Rethinking the right to choose

My thoughts on the Republican’s new efforts to scale back the right to choose were published in The Crimson today:

Thirty-eight years ago last week, the Supreme Court handed down a decision that changed women’s lives. The opinion, written by Justice Harry A. Blackmun ’29 (a Republican appointee), found that a woman’s right to privacy covers the right to make choices about her body, including the medical choice to have an abortion.

Thus, despite anti-choice efforts to chip away at this decision over subsequent decades (many of which have been successful), I never grew up in a world where I worried that an unintended pregnancy would derail my life. That’s not to say that I, or other pro-choice women like myself, treat abortion light-heartedly—indeed, I hope never to have to obtain one. But the fact remains that there is a certain security in knowing that, whether for physical, mental, or economic reasons, you have a final option.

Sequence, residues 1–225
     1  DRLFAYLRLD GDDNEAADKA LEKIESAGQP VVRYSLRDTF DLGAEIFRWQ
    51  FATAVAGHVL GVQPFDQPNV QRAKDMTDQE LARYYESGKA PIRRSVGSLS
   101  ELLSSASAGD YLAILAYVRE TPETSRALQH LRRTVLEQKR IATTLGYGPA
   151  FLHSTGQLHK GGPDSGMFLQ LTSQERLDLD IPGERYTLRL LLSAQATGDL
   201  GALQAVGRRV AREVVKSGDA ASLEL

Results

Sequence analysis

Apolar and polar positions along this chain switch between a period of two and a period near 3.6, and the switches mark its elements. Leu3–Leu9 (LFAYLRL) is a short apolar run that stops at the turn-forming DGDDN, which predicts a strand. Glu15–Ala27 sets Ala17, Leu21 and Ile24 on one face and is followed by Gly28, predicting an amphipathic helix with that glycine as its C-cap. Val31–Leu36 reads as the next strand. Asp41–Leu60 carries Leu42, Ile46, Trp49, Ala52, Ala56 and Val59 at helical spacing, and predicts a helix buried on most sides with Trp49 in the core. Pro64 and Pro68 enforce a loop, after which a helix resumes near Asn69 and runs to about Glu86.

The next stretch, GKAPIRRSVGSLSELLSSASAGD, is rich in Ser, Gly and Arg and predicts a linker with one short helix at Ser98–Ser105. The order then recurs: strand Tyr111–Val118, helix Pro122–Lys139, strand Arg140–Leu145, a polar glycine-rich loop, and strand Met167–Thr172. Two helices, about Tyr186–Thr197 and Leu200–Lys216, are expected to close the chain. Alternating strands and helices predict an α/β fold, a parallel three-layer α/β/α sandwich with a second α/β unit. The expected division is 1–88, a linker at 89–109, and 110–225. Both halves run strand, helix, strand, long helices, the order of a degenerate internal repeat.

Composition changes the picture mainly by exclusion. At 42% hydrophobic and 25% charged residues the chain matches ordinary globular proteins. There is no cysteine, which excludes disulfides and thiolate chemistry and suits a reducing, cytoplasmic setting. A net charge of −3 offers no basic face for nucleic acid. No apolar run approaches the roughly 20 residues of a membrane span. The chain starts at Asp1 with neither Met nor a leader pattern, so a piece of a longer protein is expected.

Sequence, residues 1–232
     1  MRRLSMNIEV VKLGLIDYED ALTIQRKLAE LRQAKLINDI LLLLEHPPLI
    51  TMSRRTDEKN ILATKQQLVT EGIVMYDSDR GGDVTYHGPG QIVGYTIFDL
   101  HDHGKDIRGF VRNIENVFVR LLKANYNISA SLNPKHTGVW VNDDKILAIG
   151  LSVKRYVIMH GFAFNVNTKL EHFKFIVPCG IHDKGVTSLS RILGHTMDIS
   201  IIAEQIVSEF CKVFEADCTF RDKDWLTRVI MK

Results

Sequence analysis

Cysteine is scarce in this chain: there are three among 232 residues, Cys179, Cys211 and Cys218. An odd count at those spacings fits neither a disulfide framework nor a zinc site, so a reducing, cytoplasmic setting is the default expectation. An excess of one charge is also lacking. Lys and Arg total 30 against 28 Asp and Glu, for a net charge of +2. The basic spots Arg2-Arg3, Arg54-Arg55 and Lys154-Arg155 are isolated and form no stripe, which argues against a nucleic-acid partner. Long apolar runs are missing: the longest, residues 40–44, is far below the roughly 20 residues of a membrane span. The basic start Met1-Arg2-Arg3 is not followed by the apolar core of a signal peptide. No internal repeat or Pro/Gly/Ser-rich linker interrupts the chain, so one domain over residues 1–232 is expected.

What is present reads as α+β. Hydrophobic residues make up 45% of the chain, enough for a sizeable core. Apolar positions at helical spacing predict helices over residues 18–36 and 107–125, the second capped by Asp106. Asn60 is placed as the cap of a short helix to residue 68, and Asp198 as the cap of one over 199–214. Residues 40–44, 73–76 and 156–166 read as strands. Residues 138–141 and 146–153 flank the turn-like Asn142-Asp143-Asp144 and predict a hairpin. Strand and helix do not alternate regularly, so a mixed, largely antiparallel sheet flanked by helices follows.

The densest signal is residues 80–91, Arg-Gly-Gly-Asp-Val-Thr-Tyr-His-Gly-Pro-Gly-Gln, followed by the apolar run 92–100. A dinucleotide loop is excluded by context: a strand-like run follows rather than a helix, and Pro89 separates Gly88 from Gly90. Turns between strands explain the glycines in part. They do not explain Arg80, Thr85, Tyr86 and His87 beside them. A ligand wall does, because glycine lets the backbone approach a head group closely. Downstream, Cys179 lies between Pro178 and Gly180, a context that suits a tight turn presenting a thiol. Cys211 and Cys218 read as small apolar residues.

Unfortunately, it is an option that too many of us take as a given. We talk about it as a right to choose, which is nice, but it’s time to change the dialogue. It’s time to talk about abortion as part of health care, as a medical procedure that should—like other medical decisions—be made by a patient and her doctor.

You can read the full thing here.